Maha Gargash is a documentary film maker from Dubai who wrote her debut The Sandfish as an exploration of life in what is now the United Arab Emirates before the oil economy changed everything. The idea of writing about a transformation of a wild and free girl in the mountains, who has to face the restrictions of married life was interesting, but the idea seems to be as far as Gargash got. There is little to the storyline and important scenes are over and done with too quickly. The main character Noora begins the novel as the beleaguered daughter in a family of boys who has to look after their father, whose mind is deteriorating. She goes with one of the brothers to seek help from a healing women far away and then the plot takes a turn that makes it seem more like a Western style racy romance, before settling back with an abrupt twist into an Emirates story. The latter half of the book focuses on the hardships that can be afflicted by women on each other in a society where husbands hold all the power. Or at least it does until another Western style racy romance sub-plot occurs. Eventually the story peters out into an odd ending that returns to the Emirates theme.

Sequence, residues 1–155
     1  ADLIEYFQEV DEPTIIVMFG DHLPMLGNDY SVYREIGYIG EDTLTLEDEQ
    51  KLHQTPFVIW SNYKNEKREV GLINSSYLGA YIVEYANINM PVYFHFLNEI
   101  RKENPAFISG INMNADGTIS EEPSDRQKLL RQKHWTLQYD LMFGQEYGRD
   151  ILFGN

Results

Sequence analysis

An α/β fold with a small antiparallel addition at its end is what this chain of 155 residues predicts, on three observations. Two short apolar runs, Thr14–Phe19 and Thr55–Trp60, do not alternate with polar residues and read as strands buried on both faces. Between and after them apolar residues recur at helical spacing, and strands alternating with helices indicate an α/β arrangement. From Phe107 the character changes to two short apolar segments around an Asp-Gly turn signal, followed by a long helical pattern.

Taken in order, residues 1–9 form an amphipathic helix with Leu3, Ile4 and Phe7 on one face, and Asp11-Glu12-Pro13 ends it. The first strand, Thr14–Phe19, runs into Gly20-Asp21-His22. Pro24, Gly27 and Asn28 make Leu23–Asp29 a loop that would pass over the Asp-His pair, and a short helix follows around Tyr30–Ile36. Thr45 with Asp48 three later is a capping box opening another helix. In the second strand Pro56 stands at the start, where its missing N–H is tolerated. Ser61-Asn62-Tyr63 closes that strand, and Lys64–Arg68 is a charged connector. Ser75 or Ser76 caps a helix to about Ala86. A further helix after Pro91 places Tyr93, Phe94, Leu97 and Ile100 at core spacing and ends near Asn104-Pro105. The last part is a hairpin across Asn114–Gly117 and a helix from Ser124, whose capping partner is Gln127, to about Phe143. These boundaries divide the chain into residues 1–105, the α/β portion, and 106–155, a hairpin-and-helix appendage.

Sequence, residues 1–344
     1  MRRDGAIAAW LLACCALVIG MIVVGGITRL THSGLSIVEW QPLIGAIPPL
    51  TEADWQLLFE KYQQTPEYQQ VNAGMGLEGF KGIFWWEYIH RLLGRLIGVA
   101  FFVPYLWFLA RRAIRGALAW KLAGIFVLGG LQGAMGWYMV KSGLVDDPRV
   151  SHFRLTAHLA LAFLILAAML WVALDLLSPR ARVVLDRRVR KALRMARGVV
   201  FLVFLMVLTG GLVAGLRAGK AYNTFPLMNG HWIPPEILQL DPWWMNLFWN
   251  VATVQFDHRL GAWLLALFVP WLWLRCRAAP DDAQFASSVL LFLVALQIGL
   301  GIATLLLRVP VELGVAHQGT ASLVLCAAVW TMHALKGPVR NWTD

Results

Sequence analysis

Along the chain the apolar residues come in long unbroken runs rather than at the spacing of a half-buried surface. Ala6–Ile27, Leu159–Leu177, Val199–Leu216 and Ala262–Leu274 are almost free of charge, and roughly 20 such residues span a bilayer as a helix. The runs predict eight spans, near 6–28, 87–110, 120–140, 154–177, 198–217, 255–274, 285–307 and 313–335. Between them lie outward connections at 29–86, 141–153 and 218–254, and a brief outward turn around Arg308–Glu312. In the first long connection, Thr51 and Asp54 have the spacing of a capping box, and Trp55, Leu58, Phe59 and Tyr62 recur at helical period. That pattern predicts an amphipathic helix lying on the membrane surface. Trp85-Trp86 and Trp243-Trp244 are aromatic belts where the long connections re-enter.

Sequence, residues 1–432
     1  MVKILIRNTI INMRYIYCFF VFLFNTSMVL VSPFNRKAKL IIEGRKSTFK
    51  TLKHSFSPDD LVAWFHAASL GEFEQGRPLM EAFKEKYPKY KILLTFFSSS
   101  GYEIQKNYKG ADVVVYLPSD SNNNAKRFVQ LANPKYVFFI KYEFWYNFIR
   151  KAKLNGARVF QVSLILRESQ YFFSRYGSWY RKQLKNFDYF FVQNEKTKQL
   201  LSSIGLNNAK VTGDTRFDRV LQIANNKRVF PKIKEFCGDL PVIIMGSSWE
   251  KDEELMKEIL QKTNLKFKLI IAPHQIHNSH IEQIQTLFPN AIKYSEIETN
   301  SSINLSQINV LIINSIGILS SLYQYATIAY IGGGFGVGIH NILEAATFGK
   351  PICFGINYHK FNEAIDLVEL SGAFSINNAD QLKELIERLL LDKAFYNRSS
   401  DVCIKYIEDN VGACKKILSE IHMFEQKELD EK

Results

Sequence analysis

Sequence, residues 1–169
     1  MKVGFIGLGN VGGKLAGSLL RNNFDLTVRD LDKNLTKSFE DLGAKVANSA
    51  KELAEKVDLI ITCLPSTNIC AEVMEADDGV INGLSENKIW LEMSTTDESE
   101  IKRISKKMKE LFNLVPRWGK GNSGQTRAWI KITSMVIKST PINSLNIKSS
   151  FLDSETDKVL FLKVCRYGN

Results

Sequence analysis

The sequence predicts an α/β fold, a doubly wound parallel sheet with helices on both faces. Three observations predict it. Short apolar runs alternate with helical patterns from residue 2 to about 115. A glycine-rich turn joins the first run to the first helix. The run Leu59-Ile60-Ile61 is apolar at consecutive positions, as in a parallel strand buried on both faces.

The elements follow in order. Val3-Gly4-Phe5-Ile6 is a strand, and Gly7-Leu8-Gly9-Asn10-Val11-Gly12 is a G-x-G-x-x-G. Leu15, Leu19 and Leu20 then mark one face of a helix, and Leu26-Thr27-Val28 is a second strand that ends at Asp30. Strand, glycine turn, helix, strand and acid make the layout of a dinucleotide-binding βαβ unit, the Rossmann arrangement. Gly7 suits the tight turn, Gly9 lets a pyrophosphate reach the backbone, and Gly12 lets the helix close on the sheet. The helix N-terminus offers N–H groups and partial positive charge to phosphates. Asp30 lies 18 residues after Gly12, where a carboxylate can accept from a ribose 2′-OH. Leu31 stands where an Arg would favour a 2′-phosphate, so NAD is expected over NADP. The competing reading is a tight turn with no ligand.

This book by an Emirati woman about the Emirates published by a major Western publisher. In an afterword Gargash reveals that the novel began as one about pearl fishing as that industry collapsed in the 1950s and then changed to be one about Noora. The suspicion is that she has been pushed towards writing a Western style racy romance by her Western publishers, but whoever was responsible for the final shape of the novel it reads as if there was further reshaping to do. The overall impression is of a series of plot points that are not developed into a literary whole by an author (or editor) not entirely comfortable with the novel's proclaimed theme.
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